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I agree. I am moving quickly on to junction 26. I ask the Minister: how can we be in the same positon three years on? What weight will be given to the inspector’s decisions throughout this process?

Let me move on to the infrastructure. Junction 25 is a one-way junction. In the plan for transport, there is an aspiration to have a two-way junction, but it is said that it could take 40 years. Until then, there will be thousands more HGV movements on already gridlocked roads in an area that, as my hon. Friend the Member for Worsley and Eccles South (Barbara Keeley) said, already fails air quality standards. That does not appear to meet any definition of sustainable development. It does not increase the attractiveness of the area, and it certainly does not improve the air quality. Equally, as my hon. Friend mentioned, the land at junction 26—the Bell—has infrastructure issues. It is accepted that development will be difficult unless there are major upgrades to the road system, including a new slip road. I think the phrase “cart before the horse” was used at the public meeting that we called, which attracted nearly 200 residents.

Let me move on to how those residents can make their voices heard by the leaders of their local authorities. Usually, it is via their councillors and in discussion at council meetings. However, there is some doubt about whether these plans need to be approved by local councils, whether they should be taken at cabinet level at each local authority, or whether it is solely the prerogative of the leader of each local authority to approve the plans at a meeting of the combined authorities. Can the Minister clarify that? How does a local councillor, elected by their constituents, stand up and represent their views if they are denied a forum in which to speak? Is there not a democratic deficit in that?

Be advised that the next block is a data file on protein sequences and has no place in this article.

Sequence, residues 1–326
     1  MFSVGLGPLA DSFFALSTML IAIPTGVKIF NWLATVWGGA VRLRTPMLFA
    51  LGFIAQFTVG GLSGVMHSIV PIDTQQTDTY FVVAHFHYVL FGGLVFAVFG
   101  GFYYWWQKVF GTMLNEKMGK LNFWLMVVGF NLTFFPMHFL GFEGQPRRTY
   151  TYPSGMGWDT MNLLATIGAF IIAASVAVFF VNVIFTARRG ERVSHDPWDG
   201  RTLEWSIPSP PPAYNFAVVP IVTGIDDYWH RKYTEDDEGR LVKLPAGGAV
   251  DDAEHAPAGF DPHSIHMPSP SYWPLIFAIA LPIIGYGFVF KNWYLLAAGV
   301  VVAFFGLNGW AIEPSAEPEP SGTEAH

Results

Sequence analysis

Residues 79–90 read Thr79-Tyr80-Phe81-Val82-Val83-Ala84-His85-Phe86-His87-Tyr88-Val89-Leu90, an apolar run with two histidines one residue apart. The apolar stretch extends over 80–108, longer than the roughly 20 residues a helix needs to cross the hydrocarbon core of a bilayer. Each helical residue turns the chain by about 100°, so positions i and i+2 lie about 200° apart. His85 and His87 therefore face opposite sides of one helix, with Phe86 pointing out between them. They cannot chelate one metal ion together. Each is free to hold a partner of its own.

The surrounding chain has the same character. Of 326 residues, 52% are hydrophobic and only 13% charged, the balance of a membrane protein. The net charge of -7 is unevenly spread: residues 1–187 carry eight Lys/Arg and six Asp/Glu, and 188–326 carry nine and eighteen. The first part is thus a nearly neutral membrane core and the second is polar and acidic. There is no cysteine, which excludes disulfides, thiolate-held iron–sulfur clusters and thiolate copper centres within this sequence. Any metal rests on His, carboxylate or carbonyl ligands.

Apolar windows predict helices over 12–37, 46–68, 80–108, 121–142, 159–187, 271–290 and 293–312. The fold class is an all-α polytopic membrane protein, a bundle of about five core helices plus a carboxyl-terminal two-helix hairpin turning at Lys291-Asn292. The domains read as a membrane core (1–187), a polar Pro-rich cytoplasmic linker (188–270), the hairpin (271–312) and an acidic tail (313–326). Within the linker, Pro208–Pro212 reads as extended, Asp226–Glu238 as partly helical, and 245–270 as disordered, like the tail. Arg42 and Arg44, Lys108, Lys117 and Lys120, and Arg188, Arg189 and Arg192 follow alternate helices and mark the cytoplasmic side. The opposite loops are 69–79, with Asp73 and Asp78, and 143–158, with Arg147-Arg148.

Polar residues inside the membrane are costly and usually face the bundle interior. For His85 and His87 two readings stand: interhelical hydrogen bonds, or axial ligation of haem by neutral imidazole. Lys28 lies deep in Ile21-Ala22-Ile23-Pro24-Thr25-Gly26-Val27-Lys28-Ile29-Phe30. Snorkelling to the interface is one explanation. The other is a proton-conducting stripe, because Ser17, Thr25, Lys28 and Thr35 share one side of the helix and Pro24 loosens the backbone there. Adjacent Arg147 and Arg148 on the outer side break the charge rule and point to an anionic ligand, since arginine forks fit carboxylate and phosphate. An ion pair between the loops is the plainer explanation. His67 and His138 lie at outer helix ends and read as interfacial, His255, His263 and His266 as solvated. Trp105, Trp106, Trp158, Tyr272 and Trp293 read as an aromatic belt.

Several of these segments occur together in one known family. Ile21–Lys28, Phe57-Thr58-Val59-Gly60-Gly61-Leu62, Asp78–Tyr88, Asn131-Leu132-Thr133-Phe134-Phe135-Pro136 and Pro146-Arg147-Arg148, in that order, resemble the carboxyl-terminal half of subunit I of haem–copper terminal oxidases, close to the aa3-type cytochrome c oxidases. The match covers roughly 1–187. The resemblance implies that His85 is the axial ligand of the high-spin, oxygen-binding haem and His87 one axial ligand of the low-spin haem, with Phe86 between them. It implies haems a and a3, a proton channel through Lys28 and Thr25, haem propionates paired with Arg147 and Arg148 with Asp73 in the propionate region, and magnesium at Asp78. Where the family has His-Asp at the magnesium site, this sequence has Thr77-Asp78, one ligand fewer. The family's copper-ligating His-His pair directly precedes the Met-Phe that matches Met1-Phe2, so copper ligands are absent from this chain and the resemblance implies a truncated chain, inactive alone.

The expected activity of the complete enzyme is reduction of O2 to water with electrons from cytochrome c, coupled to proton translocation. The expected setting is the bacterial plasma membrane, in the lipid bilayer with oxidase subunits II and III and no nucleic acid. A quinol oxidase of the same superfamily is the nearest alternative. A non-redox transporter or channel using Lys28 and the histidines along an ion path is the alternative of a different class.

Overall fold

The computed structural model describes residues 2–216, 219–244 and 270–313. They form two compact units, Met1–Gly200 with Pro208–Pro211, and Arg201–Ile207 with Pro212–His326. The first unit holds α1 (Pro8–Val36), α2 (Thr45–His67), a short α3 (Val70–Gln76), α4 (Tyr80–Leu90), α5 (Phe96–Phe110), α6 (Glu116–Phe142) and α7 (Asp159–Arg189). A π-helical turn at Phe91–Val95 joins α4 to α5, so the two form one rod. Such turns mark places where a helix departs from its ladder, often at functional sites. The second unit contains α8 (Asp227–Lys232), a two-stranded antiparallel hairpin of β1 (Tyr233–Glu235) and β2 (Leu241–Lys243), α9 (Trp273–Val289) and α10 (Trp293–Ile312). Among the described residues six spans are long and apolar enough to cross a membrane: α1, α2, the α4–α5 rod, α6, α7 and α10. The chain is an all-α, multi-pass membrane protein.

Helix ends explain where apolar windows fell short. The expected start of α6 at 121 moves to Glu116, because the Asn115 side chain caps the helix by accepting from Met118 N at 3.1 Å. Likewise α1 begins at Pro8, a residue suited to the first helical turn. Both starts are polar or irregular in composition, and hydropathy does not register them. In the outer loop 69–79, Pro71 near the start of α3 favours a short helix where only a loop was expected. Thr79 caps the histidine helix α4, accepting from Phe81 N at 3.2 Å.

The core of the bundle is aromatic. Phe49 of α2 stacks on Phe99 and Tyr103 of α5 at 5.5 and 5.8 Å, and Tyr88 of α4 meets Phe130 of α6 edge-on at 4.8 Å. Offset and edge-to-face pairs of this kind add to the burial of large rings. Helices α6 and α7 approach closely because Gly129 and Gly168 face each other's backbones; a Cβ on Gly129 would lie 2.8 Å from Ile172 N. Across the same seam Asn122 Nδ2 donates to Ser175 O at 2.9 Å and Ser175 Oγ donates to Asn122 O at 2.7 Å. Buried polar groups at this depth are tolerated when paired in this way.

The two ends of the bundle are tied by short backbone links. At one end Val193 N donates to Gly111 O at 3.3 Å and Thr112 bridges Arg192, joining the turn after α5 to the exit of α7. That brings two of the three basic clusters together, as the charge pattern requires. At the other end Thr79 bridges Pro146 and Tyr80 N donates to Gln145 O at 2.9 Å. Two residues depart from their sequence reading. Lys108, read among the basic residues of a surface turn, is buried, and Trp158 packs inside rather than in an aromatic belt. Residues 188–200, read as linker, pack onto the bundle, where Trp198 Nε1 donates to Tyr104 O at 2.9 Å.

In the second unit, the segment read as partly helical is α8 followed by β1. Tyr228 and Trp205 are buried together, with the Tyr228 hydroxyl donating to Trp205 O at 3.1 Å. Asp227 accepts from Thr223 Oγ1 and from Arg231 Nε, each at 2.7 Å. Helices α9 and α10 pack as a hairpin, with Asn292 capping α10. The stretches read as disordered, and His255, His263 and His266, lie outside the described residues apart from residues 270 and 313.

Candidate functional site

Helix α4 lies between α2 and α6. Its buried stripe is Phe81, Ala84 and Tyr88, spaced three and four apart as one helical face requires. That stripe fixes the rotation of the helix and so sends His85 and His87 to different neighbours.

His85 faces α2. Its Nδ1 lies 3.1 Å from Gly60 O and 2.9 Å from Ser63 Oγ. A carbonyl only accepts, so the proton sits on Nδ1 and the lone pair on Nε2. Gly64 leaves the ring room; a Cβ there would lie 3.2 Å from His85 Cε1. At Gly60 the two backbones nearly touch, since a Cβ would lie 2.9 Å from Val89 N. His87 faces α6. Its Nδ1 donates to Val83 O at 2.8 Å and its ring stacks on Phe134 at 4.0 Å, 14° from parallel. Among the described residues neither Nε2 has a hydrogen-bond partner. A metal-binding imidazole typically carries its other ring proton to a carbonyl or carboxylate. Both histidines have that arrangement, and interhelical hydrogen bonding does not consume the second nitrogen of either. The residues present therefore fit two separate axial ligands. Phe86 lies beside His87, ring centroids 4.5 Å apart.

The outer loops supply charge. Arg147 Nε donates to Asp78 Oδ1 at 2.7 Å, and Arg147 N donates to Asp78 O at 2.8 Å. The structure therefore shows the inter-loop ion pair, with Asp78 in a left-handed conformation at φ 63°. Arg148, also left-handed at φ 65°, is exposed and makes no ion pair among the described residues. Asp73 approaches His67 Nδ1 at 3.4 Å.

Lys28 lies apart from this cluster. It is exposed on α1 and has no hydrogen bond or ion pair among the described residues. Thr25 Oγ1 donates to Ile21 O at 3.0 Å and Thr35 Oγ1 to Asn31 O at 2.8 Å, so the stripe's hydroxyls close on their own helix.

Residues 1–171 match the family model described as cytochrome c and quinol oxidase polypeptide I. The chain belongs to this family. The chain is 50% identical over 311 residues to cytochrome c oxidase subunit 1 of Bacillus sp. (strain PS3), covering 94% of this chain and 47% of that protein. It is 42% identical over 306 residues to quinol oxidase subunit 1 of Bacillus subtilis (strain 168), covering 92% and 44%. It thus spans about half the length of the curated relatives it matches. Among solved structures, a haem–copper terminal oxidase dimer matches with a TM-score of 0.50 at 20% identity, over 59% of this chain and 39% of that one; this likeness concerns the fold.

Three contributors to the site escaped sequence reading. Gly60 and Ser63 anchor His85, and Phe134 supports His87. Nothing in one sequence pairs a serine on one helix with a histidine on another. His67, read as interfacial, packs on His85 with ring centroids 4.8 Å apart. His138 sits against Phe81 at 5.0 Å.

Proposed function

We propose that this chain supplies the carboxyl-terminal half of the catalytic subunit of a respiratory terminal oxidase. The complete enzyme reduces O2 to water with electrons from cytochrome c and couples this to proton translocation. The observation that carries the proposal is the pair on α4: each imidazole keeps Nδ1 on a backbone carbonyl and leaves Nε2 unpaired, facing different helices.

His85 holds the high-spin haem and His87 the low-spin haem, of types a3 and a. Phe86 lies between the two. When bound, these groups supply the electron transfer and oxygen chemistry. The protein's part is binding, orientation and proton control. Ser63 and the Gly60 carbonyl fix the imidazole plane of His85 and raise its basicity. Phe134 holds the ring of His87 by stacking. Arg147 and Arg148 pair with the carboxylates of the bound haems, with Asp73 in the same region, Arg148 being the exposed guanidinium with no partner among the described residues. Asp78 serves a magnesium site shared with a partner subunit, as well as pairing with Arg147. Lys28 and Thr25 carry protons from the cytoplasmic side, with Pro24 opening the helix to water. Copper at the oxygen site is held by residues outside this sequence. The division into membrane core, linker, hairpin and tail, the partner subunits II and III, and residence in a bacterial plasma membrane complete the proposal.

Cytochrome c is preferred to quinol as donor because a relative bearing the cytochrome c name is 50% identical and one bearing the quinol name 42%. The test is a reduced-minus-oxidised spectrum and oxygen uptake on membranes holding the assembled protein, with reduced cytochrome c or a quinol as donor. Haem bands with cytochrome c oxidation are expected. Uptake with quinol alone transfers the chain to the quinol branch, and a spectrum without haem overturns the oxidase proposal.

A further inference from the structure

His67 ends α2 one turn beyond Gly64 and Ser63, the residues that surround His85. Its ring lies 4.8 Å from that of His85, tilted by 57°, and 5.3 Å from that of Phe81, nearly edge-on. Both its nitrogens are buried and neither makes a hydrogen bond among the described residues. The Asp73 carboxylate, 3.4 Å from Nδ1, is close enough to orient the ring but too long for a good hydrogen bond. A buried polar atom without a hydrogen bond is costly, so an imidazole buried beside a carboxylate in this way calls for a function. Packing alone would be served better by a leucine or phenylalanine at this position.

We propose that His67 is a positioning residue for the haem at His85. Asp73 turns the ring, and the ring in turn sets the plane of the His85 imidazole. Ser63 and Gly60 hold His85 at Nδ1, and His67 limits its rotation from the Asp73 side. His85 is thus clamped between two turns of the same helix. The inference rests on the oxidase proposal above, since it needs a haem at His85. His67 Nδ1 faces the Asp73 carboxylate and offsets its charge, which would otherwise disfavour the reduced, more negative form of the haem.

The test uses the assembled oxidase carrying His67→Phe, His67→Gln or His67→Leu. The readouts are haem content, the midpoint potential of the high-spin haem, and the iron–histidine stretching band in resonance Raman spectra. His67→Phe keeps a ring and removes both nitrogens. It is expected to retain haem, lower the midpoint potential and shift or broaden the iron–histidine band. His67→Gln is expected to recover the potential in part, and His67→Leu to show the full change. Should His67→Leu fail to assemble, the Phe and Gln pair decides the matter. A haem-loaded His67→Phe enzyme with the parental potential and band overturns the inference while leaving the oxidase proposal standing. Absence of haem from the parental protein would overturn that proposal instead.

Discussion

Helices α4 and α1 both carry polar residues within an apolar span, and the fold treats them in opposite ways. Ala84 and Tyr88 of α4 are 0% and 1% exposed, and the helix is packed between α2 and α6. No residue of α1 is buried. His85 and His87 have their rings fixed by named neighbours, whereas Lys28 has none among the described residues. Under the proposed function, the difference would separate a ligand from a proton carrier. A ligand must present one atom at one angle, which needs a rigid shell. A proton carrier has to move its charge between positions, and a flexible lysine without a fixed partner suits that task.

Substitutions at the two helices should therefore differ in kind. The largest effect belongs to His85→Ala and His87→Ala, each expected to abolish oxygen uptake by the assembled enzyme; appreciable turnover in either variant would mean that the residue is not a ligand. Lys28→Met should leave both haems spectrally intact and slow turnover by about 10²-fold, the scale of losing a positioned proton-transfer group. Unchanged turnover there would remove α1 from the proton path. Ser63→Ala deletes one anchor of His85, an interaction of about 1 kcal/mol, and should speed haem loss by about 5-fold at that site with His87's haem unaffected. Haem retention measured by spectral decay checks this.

No one is against jobs and growth, but the plans have to demonstrate that the growth is sustainable. As for the warehousing development in my area, this is an area with a net loss of graduates and people who need high-quality jobs. We need the right jobs in the right place. We have to balance quality of life and the attractiveness of the environment.

I will bowlderise an Ogden Nash poem—I am going back to my youth—to express what I feel about this: I think that I will never see a warehouse attractive as a tree. The green belt gives us green fields, trees, relief from urban sprawl and better air quality. It is the green lung of our urban areas. It increases the attractiveness of an area, which encourages people to come to it. An ambitious plan for Greater Manchester, which will be seen as a trailblazer on this issue, should not take the easy option and reduce green-belt land. It should look for innovative and exciting ways of promoting the use of brownfield sites to improve the environment for those coming into the borough and for those who already live there.

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It is a pleasure to have you taking charge of this debate, Mr Howarth. I congratulate my hon. Friend the Member for Hazel Grove (William Wragg) on securing the debate and for the very sensible and valid points he made in his opening speech. There can be no doubt that the spatial framework produced by the Greater Manchester combined authority has caused enormous consternation across my Bury North constituency. It is probably one of the biggest issues that I have come across in the last 10 or 12 years.

It clearly makes sense for any local authority or group of local authorities to have a plan, to review that plan and to determine how many houses might be needed for the next few years. I think we could all agree on that. Like my hon. Friend the Member for Hazel Grove, I have my doubts about how robust the figures used in the framework are, with immigration over the past few years—I am not making a political point; this is just a fact—running at more than 300,000 a year, which even the latest figures show.